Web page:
Remarks on the UN Human Rights Council
Secretary of State Mike Pompeo and U.S. Permanent Representative to the United Nations Ambassador Nikki Haley
[Excerpts; Editor’s text bolding]
SECRETARY POMPEO: Good afternoon. The Trump administration is committed to protecting and promoting the God-given dignity and freedom of every human being. Every individual has rights that are inherent and inviolable. They are given by God, and not by government. Because of that, no government must take them away.
For decades, the United States has led global efforts to promote human rights, often through multilateral institutions. While we have seen improvements in certain human rights situations, for far too long we have waited while that progress comes too slowly or in some cases never comes. Too many commitments have gone unfulfilled.
President Trump wants to move the ball forward. From day one, he has called out institutions or countries who say one thing and do another. And that’s precisely the problem at the Human Rights Council. As President Trump said at the UN General Assembly: “It is a massive source of embarrassment to the United Nations that some governments with egregious human rights records sit on the Human Rights Council.”
We have no doubt that there was once a noble vision for this council. But today, we need to be honest – the Human Rights Council is a poor defender of human rights.
Worse than that, the Human Rights Council has become an exercise in shameless hypocrisy – with many of the world’s worst human rights abuses going ignored, and some of the world’s most serious offenders sitting on the council itself.
The only thing worse than a council that does almost nothing to protect human rights is a council that covers for human rights abuses and is therefore an obstacle to progress and an impediment to change. The Human Rights Council enables abuses by absolving wrongdoers through silence and falsely condemning those who have committed no offense. A mere look around the world today demonstrates that the council has failed in its stated objectives.
Its membership includes authoritarian governments with unambiguous and abhorrent human rights records, such as China, Cuba, and Venezuela.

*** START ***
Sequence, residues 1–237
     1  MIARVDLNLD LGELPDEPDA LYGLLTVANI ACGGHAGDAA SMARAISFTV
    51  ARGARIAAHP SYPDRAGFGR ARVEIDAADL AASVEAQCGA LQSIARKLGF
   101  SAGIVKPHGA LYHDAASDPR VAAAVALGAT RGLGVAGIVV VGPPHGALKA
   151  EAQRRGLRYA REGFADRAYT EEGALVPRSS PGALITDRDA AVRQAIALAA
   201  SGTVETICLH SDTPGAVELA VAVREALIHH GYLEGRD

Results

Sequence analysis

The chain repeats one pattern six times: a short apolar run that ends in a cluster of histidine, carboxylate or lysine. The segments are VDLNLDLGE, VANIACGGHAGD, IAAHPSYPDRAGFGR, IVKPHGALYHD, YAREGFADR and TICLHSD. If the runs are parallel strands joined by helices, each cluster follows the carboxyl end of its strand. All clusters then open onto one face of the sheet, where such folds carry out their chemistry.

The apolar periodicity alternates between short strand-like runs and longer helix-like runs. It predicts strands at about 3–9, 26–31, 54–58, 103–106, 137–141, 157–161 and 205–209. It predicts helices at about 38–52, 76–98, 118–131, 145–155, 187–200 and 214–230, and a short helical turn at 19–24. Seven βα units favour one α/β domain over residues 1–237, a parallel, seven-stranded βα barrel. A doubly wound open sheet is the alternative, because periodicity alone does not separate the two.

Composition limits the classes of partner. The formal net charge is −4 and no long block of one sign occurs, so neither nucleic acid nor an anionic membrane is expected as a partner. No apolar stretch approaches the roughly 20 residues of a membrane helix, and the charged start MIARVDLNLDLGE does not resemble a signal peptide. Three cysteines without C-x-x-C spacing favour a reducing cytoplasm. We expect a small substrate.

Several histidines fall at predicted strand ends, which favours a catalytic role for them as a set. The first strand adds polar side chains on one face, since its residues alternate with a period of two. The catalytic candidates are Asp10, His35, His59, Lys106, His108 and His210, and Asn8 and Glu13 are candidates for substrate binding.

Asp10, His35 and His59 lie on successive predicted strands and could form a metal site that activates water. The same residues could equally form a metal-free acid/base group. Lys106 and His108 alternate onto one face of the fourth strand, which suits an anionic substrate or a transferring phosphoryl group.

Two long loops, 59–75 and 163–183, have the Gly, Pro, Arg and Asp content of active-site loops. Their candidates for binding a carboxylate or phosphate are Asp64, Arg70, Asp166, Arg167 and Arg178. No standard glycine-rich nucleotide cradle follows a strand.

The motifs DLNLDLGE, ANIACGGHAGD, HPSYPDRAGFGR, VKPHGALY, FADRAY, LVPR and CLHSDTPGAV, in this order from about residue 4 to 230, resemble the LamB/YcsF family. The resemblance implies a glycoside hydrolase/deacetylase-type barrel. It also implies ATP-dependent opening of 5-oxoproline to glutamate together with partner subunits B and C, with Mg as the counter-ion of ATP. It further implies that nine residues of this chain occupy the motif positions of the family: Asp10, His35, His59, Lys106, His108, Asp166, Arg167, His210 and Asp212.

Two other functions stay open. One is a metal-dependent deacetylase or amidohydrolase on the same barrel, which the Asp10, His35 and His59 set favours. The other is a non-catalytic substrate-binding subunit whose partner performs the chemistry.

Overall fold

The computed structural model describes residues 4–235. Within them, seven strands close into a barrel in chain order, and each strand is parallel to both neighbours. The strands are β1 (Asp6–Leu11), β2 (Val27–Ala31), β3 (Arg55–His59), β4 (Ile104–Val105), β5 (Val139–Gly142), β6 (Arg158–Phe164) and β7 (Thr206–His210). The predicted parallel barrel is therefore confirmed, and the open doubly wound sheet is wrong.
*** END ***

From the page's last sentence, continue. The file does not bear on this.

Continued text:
There is no fair or competitive election process, and countries have colluded with one another to undermine the current method of selecting members.
And the council’s continued and well-documented bias against Israel is unconscionable. Since its creation, the council has adopted more resolutions condemning Israel than against the rest of the world combined.
The United States has no opposition in principle to multilateral bodies working to protect human rights. We desire to work with our allies and partners on this critical objective that reflects America’s commitment to freedom.
But when organizations undermine our national interests and our allies, we will not be complicit. When they seek to infringe on our national sovereignty, we will not be silent.
The United States – which leads the world in humanitarian assistance, and whose service members have sacrificed life and limb to free millions from oppression and tyranny – will not take lectures form hypocritical bodies and institution as Americans selflessly give their blood and treasure to help the defenseless…
Ambassador Haley has spent more than a year trying to reform the Human Rights Council…
AMBASSADOR HALEY: Thank you. Good afternoon. I want to thank Secretary Pompeo for his friendship and his partnership and his leadership as we move forward on these issues.
One year ago, I traveled to the United Nations Human Rights Council in Geneva. On that occasion, I outlined the U.S. priorities for advancing human rights and I declared our intent to remain a part of the Human Rights Council if essential reforms were achieved. These reforms were needed in order to make the council a serious advocate for human rights. For too long, the Human Rights Council has been a protector of human rights abusers and a cesspool of political bias.
Regrettably, it is now clear that our call for reform was not heeded. Human rights abusers continue to serve on and be elected to the council. The world’s most inhumane regimes continue to escape scrutiny, and the council continues politicizing and scapegoating of countries with positive human rights records in an attempt to distract from the abusers in their ranks…
When a so-called Human Rights Council cannot bring itself to address the massive abuses in Venezuela and Iran, and it welcomes the Democratic Republic of Congo as a new member, the council ceases to be worthy of its name. Such a council, in fact, damages the cause of human rights.